Sometimes indie movies can catch you off guard. As you're watching you slowly realize that this is a great piece of cinema. A movie that wasn't released to the masses, but should be seen by everyone. 'Sympathy for Delicious' isn't that kind of indie movie.
Mark Ruffalo's directorial debut premiered at Sundance earlier this year. I didn't see it then, but I did hear people talking about how poor it was, how much they wanted to walk out of it, and how unbelievably bad Ruffalo (a very fine actor) could be as a director. The word of mouth scared me away from going to see it, and I was right to stay away.
Dean O'Dwyer is played by Christopher Thronton who also penned the script. Dean, more commonly known by his DJ stage name, "Delicious," is crippled and homeless. He spends his time in his car under a freeway overpass. Each morning her joins the food line where Father Joe (Ruffalo) hands out meals for the homeless. Joe just wants to help any way he can. Dean feels life owes him some kind of favor.
Then, out of the blue one day, Dean figures out he can heal people with his touch. Instead of thinking about the good he can do with his newfound gift, he decides that this is definitely worth some money. He uses his new power to join a rock band fronted by The Stain (Orlando Bloom). Yes, that's his real name, The Stain. He's quite appropriately named since he's a gigantic untreatable splotch on this dreary movie. Bloom channels his best Sid Vicious impersonation, which just comes across as super corny. Also in the band is Ariel (Juliette Lewis) who's a drugged out junkie who wants to give Dean a shot. Finally, rounding out the well-known cast is Laura Linney as Nina, the band's manager.
Everyone involved in this movie is a seasoned actor. They've all been in their share or great movies or TV shows. So, why is it that none of them can see what a giant waste of time this movie is? Why can't they understand that this asinine script makes them all sound like first timers? Why can't Ruffalo keep scenes contained instead of letting them fly so out of control? 'Sympathy for Delicious' is a cinematic mystery. Somewhere, buried deep under the stilted dialogue and awful pacing is a decent story. A story about a man who doesn't know how to handle the gift he's been given. Essentially the basis to every superhero movie out there. Instead of shooting for the lofty goals the movie has set for itself, it fires towards the gutters of the world. The scenes here make little sense in the grand scheme of things. They never come close to making us care about the characters on screen or Dean's plight.
'Sympathy for Delicious' is just an odd experience all around. It feels flat, like it's trying way too hard for that indie vibe. Ruffalo tries too hard to make his film fit in with the stereotypical festival films. It just doesn't work here. There's no emotion and there are no characters worth caring about. The movie continuously jumps from one plot point to another without any segues. We're hurried along through the story without being able to stop and take it all in – which in retrospect is a good thing, as I would have been unable to spend another minute with these loathsome, boring characters.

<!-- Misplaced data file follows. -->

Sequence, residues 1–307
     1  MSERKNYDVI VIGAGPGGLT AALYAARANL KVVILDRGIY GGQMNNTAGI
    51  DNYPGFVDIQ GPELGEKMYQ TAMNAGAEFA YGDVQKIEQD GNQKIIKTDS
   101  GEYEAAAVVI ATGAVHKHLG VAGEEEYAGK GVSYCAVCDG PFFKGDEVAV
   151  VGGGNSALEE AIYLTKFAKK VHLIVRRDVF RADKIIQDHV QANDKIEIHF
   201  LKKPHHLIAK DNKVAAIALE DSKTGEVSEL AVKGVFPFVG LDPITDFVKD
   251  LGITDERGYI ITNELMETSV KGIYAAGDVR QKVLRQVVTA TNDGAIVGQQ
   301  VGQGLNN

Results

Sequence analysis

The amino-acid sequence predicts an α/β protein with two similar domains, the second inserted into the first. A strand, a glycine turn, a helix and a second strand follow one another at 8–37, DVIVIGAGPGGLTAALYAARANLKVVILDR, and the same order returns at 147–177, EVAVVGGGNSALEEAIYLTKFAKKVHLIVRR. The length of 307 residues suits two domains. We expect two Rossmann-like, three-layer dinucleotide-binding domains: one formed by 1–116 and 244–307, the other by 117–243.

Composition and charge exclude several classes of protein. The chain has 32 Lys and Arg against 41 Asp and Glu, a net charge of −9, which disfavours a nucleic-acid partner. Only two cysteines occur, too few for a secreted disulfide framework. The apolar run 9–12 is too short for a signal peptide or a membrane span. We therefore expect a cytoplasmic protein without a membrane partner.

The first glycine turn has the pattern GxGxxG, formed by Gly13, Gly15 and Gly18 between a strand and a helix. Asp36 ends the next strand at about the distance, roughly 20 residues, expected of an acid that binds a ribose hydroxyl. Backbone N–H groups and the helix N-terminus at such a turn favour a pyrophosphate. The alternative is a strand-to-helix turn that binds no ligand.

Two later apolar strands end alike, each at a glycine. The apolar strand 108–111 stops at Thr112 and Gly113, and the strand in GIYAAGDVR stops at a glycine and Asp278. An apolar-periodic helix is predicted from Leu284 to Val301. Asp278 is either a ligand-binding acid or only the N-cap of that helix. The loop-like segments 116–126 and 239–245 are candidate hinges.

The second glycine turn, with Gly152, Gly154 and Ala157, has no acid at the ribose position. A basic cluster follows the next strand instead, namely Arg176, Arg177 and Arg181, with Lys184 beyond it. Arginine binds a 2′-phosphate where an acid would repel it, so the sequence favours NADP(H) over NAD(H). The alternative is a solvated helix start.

The ensemble cast may draw your attention, and you may even want to know what Mark Ruffalo is like as a director, but you've been warned. Know this, if you pick up 'Sympathy for Delicious' despite my warnings, then I have no sympathy for you.
The Blu-ray: Vital Disc Stats
'Sympathy for Delicious' is a Maya Entertainment release. It comes in a standard Blu-ray keepcase on a 25-GB Blu-ray Disc with a 1.78:1 aspect ratio.
Attack of the dark and dreary indie look! 'Sympathy for Delicious' is not so much bathed as flooded with shadowy photography because that's just how dramatic indie movies look. The 1080p picture while clear and precise during the day, loses much of its impact during darkly lit scenes.
The day time scenes are strong and clear, but still lack that intricate detail we've come to expect from the format. Where individual hairs on beards and moustaches may be visible in a better presentation, here they kind of group together as one without distinct edges. Skin tones waver from bronze-ish to dull grays depending on the movie's lighting. Many of the stylistic choices here resulted in the lifeless look of the movie as a whole, but it does have its faults.
Crushing is a common perpetrator here. Shadows swallow up faces, people, and objects at night or in dimly lit concert venues. Instead of accentuating detail, shadows block it out. Covering any sort of nuanced detail that may be there. I wasn't overly impressed with the look of 'Sympathy for Delicious,' partly because of the source material shortcomings, and partly because the 1080p picture just isn't up to snuff.
'Sympathy for Delicious' features a DTS-HD Master Audio 5.1 track. It's a disappointing audio presentation at best.
Voices vary in consistency going from intelligible to garbled warbles whenever there's more action going on around the conversation. The music from the band drowns out just about everything else that is happening, which is extremely annoying. Rears are disappointingly reserved even during concert scenes with screaming fans, or as a group of people surround Dean, waiting to be healed.
This lossless track isn't going to impress anyone. Not even the movie's fans.
What a mess. You get the sense a better movie is trying its best to bubble up to the surface, but it never quite makes it. It's tough to dislike this one so much since there are so many likable actors involved, especially Ruffalo, who is one of the best character actors out there. Sadly, directing isn't his forte. He simply lets this movie get out of hand. The average video and below average audio should seal the deal. There's nothing worth seeing here. One to avoid.